Heading off Suffix Squatters – Company Business and Marketing
HAVING “.COM” ATTACHED TO YOUR COMPANY NAME NO LONGER GUARANTEES financial success on Wall Street, but the ubiquitous suffix still reigns supreme on the Web. However, securing and keeping an intuitive, catchy dot-com domain name has become increasingly difficult as large firms hoard hundreds–even thousands–of unused yet registered names. To complicate matters, there’s no limit as to how many domains a company can register.
Although big companies often register and hold on to names for future branding purposes, many smaller name-grabbers are profit-seekers that simply sit on a name until someone comes along and offers a hefty amount of money to acquire the domain. So what’s a small-business owner to do if there are no more dot-com suffixes?
“Dot-com is the most desirable suffix because it’s the most well known,” says Bill Zalin, supervisor of business sales at Earthlink Networks (www.earthlink.net), a national ISP based in Pasadena, Calif. “The act of cybersquatting potentially puts a lot of people behind the eight ball.”
Luckily, a slew of new and intuitive suffixes–such as .tv; .cc; and country-specific domains, including .ca for Canada, .jp for Japan, and .mx for Mexico–offer a greater number of domain name options. The suffixes are available now through any registrar. In addition, there’s movement under way to create new and impressive suffixes–such as .inc, .work, .web, and .tel–that could become available sometime this year.
“You still want to leverage your company’s name, or the brand name, in the URL,” says Marc Holtenhoff, CEO of 1GlobalPlace Inc. (www.1globalplace. com), a Los Angeles-based domain name registrar. The new top-level domain suffixes–like the ones listed above–open up “more room for companies that originally wanted those top-level .com or .net domain names,” he says.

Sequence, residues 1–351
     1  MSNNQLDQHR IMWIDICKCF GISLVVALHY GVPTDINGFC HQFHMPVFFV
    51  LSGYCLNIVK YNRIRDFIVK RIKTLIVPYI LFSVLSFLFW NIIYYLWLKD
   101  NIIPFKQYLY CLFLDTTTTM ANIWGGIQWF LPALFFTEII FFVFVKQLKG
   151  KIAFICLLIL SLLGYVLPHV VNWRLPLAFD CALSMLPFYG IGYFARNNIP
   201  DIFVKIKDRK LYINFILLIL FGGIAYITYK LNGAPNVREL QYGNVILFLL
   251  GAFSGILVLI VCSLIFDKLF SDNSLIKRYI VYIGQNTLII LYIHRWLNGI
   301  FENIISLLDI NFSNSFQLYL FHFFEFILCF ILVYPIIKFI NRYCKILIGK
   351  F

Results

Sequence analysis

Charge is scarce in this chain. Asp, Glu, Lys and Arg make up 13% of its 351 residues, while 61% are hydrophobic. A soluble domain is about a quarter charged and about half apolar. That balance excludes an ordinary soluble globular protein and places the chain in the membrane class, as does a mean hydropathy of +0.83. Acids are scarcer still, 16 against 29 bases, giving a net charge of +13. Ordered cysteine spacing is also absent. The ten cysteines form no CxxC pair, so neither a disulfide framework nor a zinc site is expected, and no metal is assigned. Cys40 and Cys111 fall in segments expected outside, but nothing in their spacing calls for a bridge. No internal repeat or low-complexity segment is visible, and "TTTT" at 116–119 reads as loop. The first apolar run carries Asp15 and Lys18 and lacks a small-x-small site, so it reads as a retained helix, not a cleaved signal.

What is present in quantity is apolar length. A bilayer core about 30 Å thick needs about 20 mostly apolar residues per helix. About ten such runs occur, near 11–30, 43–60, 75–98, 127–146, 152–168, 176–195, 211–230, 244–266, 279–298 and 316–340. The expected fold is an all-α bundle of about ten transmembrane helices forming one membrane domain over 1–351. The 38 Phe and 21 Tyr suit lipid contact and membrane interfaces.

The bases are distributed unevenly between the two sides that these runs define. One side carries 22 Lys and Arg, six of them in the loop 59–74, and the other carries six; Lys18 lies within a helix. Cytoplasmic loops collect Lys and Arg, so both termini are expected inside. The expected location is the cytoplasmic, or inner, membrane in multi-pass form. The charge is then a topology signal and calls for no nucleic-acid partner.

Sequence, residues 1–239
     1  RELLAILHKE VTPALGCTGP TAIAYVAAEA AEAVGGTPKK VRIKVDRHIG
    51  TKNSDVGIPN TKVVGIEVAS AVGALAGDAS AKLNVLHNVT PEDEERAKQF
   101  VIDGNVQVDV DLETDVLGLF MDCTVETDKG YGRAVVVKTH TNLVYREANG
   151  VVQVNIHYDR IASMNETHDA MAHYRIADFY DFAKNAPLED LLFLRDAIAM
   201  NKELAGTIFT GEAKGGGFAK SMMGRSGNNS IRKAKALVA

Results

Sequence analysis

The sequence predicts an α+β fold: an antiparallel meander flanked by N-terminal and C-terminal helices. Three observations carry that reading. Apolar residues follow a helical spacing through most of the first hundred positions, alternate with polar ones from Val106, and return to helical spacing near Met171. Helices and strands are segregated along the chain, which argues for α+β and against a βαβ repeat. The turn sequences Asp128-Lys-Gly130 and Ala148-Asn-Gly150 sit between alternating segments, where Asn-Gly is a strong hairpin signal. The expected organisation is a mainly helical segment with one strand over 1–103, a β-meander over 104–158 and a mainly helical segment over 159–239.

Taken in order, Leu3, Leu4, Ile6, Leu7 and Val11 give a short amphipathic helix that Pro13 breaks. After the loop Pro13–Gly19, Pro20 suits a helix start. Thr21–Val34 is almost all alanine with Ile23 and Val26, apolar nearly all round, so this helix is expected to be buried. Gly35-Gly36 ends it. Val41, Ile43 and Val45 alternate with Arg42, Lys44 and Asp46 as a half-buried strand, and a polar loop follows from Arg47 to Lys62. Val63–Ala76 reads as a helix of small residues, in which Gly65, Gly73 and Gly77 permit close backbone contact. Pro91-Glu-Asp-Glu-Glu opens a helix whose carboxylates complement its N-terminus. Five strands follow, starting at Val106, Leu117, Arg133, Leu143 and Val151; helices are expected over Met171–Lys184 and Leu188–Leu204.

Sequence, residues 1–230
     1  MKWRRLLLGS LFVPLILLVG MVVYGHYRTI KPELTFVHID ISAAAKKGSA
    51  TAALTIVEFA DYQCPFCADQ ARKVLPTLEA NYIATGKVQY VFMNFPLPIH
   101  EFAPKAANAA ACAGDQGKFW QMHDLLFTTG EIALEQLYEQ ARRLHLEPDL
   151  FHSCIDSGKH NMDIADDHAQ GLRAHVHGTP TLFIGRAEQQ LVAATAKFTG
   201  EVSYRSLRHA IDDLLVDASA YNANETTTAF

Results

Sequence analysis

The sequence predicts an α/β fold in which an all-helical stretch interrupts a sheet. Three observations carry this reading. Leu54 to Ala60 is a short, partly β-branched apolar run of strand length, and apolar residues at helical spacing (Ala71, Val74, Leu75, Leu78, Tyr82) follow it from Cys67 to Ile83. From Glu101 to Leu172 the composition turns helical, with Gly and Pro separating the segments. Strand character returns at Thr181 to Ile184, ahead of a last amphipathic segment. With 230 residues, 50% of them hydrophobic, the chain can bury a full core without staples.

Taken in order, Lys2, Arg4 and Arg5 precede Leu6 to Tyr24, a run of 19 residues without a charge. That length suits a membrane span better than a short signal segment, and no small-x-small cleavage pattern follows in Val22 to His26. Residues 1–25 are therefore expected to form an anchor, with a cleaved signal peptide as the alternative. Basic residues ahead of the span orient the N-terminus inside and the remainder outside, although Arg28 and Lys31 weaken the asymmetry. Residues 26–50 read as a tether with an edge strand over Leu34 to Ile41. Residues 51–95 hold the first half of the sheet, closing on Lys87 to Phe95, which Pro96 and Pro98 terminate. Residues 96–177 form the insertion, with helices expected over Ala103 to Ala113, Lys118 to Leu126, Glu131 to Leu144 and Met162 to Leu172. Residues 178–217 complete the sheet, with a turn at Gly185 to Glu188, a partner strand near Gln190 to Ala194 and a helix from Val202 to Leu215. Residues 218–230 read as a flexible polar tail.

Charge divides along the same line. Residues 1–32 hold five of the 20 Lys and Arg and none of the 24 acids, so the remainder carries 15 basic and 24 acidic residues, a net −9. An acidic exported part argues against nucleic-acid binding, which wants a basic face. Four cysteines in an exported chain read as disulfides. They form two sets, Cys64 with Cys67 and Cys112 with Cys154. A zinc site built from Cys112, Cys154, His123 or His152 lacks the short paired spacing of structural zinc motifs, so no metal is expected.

But experts are divided on how effective the new suffixes will be when it comes to staving off domain name stockpilers. Audrey Apfel, a vice president and research director at Gartner Group, a trend research firm in Stamford, Conn., says additional domain suffixes will simply exacerbate the cybersquatting problem by encouraging aggressive companies to register names with every available suffix.
“There really isn’t a shortage of names in the existing space,” Apfel says. “The problem has to do with the number of people who desire a particular name. I call dot-com the Fifth Avenue of cyber real estate–it’s become a cultural force in society,” she adds.
As new domain suffixes become available, Apfel suggests that small-business owners register a name as soon as possible because, before you know it, the new suffixes will be hot real estate as well.
Before registering your name with this new crop of suffixes, Zalin says it may be possible to find a dot-com name you like. “People think that all the good names are taken, sort of like when people say all the good women or men are taken,” Zalin says. “But there are always good names out there.”
COPYRIGHT 2001 Freedom Technology Media Group
COPYRIGHT 2001 Gale Group